Desmids are not sole “stars” of charophyte-based research. The stoneworts (e.g., Chara and Nitella) have long been important to plant research. These algae produce exceptionally large internodal cells that are uniquely valuable to various cellular studies. Belby describes the distinct features of these algae and specifically reports on the diverse methodologies that have been used and key results that have been obtained in studies dealing with electrophysiology, auxin dynamics and membrane transporters. Central to the physiology of any plant cell including Chara is endomembrane dynamics especially the coordinated balance between exo- and endocytosis in the membrane trafficking network. Foissner et al. describe membrane dynamics in the internodal cells of Chara when treated with the fungal metabolite, wortmannin. Using immunofluorescence and transmission electron microscopy-based imaging they demonstrate significant reorganization of the trans Golgi network (TGN) and changes to the unique membranous charasomes. Ultimately, the expansion and development of the cells of Chara, as in all plants, is controlled by turgor and the structural dynamics of the cell wall. Pectins represent the largest domain of the wall matrix polysaccharides that are critical to cell development. Boyer elegantly describes the distinctive pectin-Ca2+ cycle in the Chara cell wall that allows for controlled wall expansion and possible implications for plant cells in general.
Charophytes are now also becoming important organism in studies focused on stress-induced adaptations of plant cells. These studies are not only important in understanding survival mechanisms of plants under various stresses but also provide insight into the evolutionary processes that may have led to colonization of land by ancient charophytes. Holzinger and Pichrtova explore various adaptive mechanisms including biochemical, structural and physiological processes that extant charophytes employ for survival on land. Additionally, they describe the molecular machinery that modulates when these algae are under particular pressures such as exposure to UV light and desiccation. In the same vein, Kondo et al. used genomic sequence analysis and biochemistry to identify a lipid-like aliphatic component in the early divergent charophyte, Klebsormidum. The authors discuss the existence of cutin-like substances that may function under stress in a similar way to the cuticular waxes of land plants.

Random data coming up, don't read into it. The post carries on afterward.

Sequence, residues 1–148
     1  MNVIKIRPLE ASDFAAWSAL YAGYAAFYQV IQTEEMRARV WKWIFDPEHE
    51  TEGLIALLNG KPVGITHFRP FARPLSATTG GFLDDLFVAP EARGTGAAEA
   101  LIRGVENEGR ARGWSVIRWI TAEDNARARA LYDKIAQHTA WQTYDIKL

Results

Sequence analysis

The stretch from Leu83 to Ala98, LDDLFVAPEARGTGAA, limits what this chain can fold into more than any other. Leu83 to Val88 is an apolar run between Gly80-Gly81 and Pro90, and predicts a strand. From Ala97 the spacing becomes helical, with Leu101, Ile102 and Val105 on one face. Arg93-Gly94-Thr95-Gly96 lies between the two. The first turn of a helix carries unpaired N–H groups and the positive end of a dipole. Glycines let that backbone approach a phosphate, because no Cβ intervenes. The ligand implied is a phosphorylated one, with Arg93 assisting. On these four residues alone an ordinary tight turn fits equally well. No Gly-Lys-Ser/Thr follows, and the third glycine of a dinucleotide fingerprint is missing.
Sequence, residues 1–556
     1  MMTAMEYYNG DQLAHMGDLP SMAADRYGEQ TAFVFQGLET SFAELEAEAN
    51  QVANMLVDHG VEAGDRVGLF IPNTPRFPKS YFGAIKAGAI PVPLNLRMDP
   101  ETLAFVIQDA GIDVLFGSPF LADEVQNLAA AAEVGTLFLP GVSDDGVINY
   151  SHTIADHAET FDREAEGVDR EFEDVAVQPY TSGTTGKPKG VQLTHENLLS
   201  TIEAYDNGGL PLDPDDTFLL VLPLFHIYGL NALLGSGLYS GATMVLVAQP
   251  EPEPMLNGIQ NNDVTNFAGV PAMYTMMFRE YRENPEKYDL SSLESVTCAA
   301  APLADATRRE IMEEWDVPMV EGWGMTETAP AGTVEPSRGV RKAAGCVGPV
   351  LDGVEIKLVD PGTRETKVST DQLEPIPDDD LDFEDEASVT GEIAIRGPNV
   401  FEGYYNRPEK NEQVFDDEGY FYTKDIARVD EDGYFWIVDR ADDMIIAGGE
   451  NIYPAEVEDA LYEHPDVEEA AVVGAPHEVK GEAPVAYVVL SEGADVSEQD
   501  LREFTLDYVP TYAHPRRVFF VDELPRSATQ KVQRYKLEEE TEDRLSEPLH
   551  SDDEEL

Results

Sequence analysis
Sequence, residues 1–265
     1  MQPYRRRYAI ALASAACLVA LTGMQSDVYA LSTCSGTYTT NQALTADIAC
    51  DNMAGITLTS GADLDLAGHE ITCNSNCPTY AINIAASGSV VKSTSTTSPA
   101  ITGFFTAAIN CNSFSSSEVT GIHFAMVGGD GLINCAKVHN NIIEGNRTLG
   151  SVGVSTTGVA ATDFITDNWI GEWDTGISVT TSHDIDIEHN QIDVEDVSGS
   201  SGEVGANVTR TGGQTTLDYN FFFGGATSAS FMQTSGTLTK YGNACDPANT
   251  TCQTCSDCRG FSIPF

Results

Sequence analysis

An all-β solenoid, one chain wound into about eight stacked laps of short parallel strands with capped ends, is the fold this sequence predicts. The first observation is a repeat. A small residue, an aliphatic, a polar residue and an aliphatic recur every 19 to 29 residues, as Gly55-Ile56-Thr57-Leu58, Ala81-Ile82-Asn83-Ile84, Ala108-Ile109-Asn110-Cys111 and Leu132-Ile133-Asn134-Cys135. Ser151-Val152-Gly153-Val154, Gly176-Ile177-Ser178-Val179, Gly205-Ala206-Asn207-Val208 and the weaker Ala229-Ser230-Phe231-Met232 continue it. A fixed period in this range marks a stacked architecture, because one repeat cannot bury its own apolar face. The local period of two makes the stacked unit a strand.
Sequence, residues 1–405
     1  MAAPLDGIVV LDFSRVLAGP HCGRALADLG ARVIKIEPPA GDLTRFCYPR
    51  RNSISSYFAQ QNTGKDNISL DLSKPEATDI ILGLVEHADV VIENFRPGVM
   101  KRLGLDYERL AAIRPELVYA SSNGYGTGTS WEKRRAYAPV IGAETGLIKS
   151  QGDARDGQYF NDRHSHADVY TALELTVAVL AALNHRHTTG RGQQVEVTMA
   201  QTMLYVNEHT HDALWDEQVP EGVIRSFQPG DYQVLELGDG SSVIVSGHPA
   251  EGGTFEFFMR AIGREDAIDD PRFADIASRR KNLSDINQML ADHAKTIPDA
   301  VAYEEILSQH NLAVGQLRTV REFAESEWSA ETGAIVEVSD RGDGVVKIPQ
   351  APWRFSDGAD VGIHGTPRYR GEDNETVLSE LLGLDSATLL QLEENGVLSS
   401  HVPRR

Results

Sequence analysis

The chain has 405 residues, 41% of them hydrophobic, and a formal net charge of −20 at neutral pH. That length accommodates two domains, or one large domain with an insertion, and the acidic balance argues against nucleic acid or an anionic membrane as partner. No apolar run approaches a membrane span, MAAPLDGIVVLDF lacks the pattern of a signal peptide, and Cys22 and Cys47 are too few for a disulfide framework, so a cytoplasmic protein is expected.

The study of charophytes is still in an early but exciting phase of discovery with much yet to be resolved. Areas that will require extensive research efforts are the molecular phylogeny and taxonomy of the diverse taxa within this algal group. Lemieux et al. employ chloroplast genome analyses to decipher major structural alterations amongst three groups of charophytes, specifically focusing on the large inverted repeat sequence encoding the rRNA operon.
This series on charophytes serves as only a brief sampling of the intriguing biology of these algae. It is hoped that this will encourage and enthuse many more plant scientists to incorporate these algae in their research.
All authors listed, have made substantial, direct and intellectual contribution to the work, and approved it for publication.
This work was funded by NSF-MCB grant 1517345.
Conflict of Interest Statement
The authors declare that the research was conducted in the absence of any commercial or financial relationships that could be construed as a potential conflict of interest.
Keywords: charophytes, model, evolution, streptophytes, algae
Citation: Domozych D, Sørensen I and Popper ZA (2017) Editorial: Charophytes: Evolutionary Ancestors of Plants and Emerging Models for Plant Research. Front. Plant Sci. 8:338. doi: 10.3389/fpls.2017.00338
Received: 21 December 2016; Accepted: 27 February 2017;
Published: 14 March 2017.
Edited and reviewed by: Neelima Roy Sinha, University of California, Davis, USA
Copyright © 2017 Domozych, Sørensen and Popper. This is an open-access article distributed under the terms of the Creative Commons Attribution License (CC BY). The use, distribution or reproduction in other forums is permitted, provided the original author(s) or licensor are credited and that the original publication in this journal is cited, in accordance with accepted academic practice. No use, distribution or reproduction is permitted which does not comply with these terms.
*Correspondence: David Domozych, firstname.lastname@example.org